Recent years have obviously had a huge impact on the world of work, especially in regards to how and where people work. The number of people working remotely/working from home has significantly increased in recent years, yet many of these workers are finding that their makeshift home offices aren’t up to scratch in terms of comfort, with many not even considering the importance of ergonomics in their home office setup. According to research from Bupa UK in 2020, over 11 million Brits had injured their back, neck, hips, knees or wrists due to poor home office setups. The research suggested that only 32% of remote workers have a dedicated workspace in their home, with many using sofas, kitchen chairs, beds, or even beanbags as makeshift workstations. Hopefully these figures have improved significantly since the research was carried out, however anecdotal evidence suggests there are still many people out there still suffering with working from home.
One of the most common causes of working from home injury is working off a laptop. Due to the relative height of the laptop to the viewer, it more often that not encourages people to hunch slightly in order to look at the screen. A few hours on a weekend of this wouldn’t be too detrimental, but 40 hours a week can start to do some real damage. The quickest fix for this is to get the screen higher up. When viewing the screen the address bar on your web browser should be at eye line – if you have the option use an external monitor, or alternatively a laptop stand (even a stack of books will do!).
During the initial stages of pandemic lockdown, an office chair was certainly not a piece of furniture that everyone had at home, however significant boosts in office chair sales in recent years would suggest that it’s become a necessity. A good office chair provides the lumbar support and adjust to the individual, ensuring you can achieve the right posture – certainly more so than the yoga ball or kitchen stool!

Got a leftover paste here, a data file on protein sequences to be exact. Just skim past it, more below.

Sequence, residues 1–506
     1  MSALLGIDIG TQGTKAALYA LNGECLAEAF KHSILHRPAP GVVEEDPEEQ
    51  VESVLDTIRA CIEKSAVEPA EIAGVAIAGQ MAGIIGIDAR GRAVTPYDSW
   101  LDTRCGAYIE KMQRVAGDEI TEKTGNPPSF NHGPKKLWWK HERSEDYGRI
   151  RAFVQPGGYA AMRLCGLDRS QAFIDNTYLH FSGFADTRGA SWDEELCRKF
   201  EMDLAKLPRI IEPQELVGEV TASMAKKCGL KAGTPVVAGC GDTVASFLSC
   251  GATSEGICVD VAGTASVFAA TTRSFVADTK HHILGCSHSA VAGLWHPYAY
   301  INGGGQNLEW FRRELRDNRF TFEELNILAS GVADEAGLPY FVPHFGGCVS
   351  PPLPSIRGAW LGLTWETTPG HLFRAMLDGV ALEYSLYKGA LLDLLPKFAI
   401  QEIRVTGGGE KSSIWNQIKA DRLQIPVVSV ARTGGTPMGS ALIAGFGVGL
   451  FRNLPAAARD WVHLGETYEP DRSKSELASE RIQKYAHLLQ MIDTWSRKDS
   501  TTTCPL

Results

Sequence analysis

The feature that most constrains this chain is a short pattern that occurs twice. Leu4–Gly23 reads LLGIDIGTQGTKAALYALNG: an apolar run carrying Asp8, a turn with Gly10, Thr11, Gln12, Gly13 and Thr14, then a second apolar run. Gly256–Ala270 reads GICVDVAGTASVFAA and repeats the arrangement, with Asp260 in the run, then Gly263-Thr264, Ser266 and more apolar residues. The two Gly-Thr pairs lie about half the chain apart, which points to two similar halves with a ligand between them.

You need seating which will allow you to see the screen whilst sitting in a way that provides proper lower back support, for many people that will similar to their posture when driving a car, slightly leaning back – try not to sit bolt upright with the trunk of the body perpendicular to the floor as this can cause lower back problems. If you have not choice as your chair doesn’t tilt back, at the very least make sure your posture is supported with a cushion or pillow behind the lower back. The chair height should allows your hips to be slightly above your knees and your feet directly on the floor in front of you, again to help relieve tension in the lower back.
Although there is no evidence to suggest that computer screens cause any real damage to the eyes, staring at a computer screen all day can cause a fair bit of discomfort. Mostly in the form of tired eyes and headaches. Following the 20/20/20 rule will help stave off those end of the day migraines, every 20 minutes take a 20 second break to look at least 20 feet away. Simple!
Prevention is better than treatment, and regular movement and exercise is a huge factor in ensuring you don’t get any WFH injuries. We’re not saying you have to run a half marathon every day, but just make a conscious effort to get up and move around a bit throughout the day. Every 20 minutes or so you should at the very least stand up and have a little stretch for a minute or 2. Even better would be to get out for a walk on your break – walking to the kitchen doesn’t count. A quick walk outside during the day has been proven to not only decrease the risk of ergonomic strain on your body, but also vastly improve morale and productivity when working from home.
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